It was during this course that I really became passionate about the industry and developed a huge thirst for knowledge. The lecturer for this particular course had a huge effect on me. At the time I was completely blown away by his knowledge, he was years ahead of his time and it made me completely re-think my approach on how to condition the human body. To this day I am grateful to have met him and have kept in touch ever since (we’ve since worked together on projects).

I now look back and smile however; during my PT course I was really worried about the final theory exams. They were slightly different back then and many people failed. There were some on the course with sports science and physiotherapy degrees, and even a few of them found parts of the theory challenging, I found school difficult? How was I going to pass?

It turned out that not only did I pass, but also, I received the highest marks! Three out of the four papers I received 100%. This gave me a huge confidence boost, if I can surpass sports science and physiotherapy  graduates I am not as stupid as I once thought.

From that moment on I have continued to learn, and have been home and abroad learning from the very best in the industry and still continue to learn today.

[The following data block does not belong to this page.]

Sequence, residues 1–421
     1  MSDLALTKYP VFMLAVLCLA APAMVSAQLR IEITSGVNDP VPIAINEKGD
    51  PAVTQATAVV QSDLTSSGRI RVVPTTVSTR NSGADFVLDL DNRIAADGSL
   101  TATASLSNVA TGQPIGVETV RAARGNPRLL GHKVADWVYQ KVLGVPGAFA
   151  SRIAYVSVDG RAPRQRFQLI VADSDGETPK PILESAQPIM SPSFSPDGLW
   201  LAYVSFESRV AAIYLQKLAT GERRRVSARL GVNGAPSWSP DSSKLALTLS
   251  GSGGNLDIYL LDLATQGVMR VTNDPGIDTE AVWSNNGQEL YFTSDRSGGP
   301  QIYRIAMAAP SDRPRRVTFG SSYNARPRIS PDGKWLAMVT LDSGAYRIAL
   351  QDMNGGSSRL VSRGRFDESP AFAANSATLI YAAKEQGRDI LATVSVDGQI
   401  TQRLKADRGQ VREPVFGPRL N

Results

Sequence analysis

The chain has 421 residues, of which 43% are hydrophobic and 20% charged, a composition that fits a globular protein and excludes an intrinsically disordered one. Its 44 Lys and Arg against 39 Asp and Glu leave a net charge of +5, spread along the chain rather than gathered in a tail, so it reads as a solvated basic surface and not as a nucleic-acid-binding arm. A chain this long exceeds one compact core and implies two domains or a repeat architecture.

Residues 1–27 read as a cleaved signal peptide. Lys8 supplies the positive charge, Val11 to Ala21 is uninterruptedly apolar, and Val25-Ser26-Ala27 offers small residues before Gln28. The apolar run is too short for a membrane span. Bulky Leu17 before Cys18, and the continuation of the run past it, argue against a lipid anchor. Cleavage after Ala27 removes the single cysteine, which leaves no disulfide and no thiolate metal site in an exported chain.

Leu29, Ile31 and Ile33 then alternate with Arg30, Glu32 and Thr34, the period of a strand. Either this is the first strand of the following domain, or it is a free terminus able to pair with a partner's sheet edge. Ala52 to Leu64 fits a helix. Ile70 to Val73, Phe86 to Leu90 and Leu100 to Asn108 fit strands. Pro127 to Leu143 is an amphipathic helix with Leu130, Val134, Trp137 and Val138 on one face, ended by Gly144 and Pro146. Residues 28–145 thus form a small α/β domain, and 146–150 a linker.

After completing my PT course I became a freelance trainer and spent the next few years delivering 1-1 sessions. I also delivered various fitness classes and worked in rehabilitation. Other trainers in the area were asking for advice and I took many of them on as clients. I found I enjoyed sharing knowledge and teaching so I returned to college part time and completed my Certificate of Education and Assessor award. This qualification gave me the skills to teach / lecture and led me to deliver various courses and seminars to trainers from which I continue today.

After 12 years as a trainer I became more interested in athletic performance. I wanted to work with athletes. I have since found out Its very much ‘who’ you know in professional sport. After so many emails and phone calls I finally got in touch with a conditioning coach from a professional rugby side. He later admitted that he only agreed to meet me so I’d stop emailing him. When I want something I am relentless, and he liked the fact I didn’t give up. I managed to work / intern with various professional teams and athletes however, others would not even look at my CV without a degree! So while working I enrolled at University.